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Sustainable Sanitation and Hygiene Project

Cost: $4000.00 to $5000.00 US dollars for construction of sustainable latrine system for 1000 people

$10.00
can supply clean drinking water for one family

Water-associated microorganisms called pathogens consist of bacteria, viruses and worms which cause a variety of fatal diseases. The bacteria can cause cholera, bacillary dysentery (shigellosis), typhoid, and paratyphoid fever. The viruses can cause infectious hepatitis and poliomyletis, protozoa responsible for amebic dysentery, giardiasis, and cryptosporidiosis. Helminthes which are known as parasitic worms cause schistosomiasis and dracunculiasis (also known as guinea-worm disease).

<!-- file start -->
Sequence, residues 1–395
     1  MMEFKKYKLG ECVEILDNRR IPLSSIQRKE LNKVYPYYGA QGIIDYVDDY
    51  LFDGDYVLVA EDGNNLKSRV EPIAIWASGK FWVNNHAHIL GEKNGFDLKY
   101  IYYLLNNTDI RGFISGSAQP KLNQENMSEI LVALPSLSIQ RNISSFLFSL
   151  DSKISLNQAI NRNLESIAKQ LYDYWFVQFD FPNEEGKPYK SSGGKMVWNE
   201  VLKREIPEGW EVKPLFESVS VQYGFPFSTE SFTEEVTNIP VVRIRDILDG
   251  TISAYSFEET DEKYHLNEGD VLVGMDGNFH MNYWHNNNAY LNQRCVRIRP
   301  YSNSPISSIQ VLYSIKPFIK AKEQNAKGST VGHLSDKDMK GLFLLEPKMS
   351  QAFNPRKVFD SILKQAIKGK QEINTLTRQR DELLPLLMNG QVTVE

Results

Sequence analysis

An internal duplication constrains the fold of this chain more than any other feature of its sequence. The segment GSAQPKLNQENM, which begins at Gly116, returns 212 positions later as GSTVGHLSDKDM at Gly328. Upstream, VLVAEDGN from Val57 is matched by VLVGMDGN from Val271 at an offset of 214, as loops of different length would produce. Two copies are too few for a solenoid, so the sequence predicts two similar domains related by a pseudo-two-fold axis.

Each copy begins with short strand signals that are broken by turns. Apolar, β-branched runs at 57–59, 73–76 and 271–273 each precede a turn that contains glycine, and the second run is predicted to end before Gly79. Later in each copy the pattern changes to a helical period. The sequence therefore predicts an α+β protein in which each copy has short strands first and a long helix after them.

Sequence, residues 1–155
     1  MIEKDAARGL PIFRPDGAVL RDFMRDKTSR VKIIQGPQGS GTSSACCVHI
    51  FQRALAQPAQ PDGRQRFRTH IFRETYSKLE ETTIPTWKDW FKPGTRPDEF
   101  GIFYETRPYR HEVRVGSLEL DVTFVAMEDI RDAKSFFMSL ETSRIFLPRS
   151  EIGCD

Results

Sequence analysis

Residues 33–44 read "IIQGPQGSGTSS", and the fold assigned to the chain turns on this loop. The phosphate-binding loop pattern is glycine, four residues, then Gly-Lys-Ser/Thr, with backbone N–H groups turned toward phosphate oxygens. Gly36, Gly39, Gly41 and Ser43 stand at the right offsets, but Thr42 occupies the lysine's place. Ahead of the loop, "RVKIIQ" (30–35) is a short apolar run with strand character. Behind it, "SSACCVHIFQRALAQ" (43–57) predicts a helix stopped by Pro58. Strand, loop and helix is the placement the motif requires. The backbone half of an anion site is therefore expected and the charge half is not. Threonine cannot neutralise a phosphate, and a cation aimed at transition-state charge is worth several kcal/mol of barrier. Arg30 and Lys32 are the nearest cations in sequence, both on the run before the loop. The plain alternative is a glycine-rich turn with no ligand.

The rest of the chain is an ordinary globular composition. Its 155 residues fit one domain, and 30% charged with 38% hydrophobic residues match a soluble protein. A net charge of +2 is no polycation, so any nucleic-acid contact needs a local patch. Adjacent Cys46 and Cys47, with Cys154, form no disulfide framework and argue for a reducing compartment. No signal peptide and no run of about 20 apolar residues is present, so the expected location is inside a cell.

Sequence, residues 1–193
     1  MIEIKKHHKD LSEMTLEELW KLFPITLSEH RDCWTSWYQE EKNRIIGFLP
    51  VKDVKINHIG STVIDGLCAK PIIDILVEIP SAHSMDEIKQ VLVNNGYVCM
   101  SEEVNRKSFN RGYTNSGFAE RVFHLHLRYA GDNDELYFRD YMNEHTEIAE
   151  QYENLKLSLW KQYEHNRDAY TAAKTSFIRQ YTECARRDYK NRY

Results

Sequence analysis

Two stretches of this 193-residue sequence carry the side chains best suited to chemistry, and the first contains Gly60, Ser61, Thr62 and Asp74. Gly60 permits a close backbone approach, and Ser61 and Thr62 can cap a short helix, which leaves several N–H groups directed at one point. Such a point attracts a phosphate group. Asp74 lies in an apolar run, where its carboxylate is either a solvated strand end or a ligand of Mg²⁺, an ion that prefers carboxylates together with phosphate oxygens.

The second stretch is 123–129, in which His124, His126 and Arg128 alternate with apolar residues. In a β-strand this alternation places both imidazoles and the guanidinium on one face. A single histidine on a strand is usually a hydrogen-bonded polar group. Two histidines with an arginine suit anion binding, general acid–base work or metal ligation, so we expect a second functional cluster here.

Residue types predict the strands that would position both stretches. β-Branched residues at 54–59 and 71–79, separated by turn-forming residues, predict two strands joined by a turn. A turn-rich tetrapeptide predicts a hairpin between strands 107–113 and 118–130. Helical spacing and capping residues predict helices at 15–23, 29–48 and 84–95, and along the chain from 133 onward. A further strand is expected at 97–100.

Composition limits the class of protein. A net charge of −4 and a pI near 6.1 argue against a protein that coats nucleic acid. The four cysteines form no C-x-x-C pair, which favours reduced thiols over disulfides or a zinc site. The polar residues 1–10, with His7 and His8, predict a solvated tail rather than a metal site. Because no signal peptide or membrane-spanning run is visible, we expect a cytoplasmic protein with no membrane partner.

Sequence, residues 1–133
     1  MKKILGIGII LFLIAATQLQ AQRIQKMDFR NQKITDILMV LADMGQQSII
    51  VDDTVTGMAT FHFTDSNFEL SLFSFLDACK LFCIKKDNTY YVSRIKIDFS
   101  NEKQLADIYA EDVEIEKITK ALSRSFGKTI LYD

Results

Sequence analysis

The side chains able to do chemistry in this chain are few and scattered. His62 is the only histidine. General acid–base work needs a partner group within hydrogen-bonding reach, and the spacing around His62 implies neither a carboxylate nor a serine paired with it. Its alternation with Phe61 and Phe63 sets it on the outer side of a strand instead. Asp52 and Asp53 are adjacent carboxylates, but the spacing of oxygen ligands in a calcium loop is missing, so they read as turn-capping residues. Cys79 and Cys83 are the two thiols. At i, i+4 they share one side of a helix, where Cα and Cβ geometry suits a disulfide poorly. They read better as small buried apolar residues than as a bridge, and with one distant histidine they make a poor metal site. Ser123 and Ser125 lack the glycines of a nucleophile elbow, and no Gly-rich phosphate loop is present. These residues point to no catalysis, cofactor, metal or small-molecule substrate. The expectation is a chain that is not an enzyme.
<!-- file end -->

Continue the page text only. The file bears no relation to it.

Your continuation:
Slide2Water contamination by human feces is by far the most important one. An infected individual’s intestinal discharge may contribute billions of these pathogens even without any symptom on the part of the individual. Among the virus group of human feces-excreted pathogens, adenoviruses can cause respiratory and eye infections, enteroviruses group (polioviruses, poliomyelitis, echoviruses, and coxsackie viruses) can cause aseptic meningitis, poliomyelitis, diarrhea, respiratory infections, herpangina, and myocarditis, hepatitis A virus can cause infectious hepatitis, and other viruses can cause gastroenteritis and diarrhea; among the bacterium group viruses salmonella typhi can cause typhoid fever, salmonella paratyphi can cause paratyphoid fever, other salmonellae can cause gastroenteritis, shigella species can cause bacillary dysentery, vibrio cholera can cause cholera, other vibrios can cause diarrhea, and Yersinia enterocolitica can cause gastroenteritis; among the protozoan group entamoeba histolytica causes amoebic dysentery, giardia lamblia causes diarrhea, and cryptosporidium species, too, causes diarrhea; and among the helminth group viruses ancylostoma duodenale is hookworm, ascarislumbricoides (roundworm) causes ascariasis, hymenolepis nana (dwarf tapeworm) causes hymenolepiasis, necator americanus (hookworm) causes hookworm, strongyloides stercoralis (threadworm) causes strongyloidiasis, and trichuris trichiura (whipworm) causes trichuriasis. Entrance of these pathogens to water supply can cause wide spread epidemics. It is very important to keep our water supplies safe from contamination by human waste (Hammer & Hammer, 1996).